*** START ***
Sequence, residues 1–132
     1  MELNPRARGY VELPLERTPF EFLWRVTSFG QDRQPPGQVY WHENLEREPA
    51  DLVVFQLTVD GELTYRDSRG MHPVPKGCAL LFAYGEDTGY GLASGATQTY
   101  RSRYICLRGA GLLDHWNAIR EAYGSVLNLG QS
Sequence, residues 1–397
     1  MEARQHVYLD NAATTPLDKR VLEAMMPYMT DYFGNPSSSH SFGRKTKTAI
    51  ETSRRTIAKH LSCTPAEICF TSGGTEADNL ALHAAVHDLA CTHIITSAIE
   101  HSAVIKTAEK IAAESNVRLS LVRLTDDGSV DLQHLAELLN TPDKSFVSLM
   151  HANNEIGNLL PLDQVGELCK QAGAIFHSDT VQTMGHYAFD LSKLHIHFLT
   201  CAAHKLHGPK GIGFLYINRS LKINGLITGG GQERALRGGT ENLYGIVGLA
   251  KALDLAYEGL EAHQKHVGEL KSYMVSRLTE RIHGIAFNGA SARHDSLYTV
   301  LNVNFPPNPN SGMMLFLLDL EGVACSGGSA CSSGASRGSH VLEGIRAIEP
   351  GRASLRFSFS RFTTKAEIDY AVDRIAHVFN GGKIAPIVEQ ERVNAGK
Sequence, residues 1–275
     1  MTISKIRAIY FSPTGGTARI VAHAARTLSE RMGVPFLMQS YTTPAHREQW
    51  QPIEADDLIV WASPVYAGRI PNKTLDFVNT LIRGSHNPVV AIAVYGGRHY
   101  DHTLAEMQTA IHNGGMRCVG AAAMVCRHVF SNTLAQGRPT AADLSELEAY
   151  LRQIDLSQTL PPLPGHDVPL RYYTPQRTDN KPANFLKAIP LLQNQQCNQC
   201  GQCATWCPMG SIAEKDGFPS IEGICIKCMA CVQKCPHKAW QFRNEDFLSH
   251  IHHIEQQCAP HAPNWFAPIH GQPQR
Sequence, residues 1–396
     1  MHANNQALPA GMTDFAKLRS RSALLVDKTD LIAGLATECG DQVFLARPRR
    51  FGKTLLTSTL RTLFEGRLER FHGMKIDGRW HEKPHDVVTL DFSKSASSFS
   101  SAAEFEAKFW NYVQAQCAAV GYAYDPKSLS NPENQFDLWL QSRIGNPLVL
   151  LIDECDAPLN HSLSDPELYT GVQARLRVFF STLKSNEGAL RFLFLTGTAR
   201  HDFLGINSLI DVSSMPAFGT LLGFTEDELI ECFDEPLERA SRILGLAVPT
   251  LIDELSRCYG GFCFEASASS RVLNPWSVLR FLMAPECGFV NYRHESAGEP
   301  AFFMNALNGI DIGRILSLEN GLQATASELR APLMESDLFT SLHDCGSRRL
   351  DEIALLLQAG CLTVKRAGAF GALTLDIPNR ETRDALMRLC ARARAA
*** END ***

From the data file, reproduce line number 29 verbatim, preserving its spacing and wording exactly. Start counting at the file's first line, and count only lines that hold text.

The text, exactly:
   351  DEIALLLQAG CLTVKRAGAF GALTLDIPNR ETRDALMRLC ARARAA